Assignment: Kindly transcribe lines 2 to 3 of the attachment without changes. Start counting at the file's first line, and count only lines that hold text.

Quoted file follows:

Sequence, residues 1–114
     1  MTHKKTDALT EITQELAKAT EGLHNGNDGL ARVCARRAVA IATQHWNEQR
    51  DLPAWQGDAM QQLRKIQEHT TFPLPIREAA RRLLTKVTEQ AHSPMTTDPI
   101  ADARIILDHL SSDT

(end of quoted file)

     1  MTHKKTDALT EITQELAKAT EGLHNGNDGL ARVCARRAVA IATQHWNEQR
    51  DLPAWQGDAM QQLRKIQEHT TFPLPIREAA RRLLTKVTEQ AHSPMTTDPI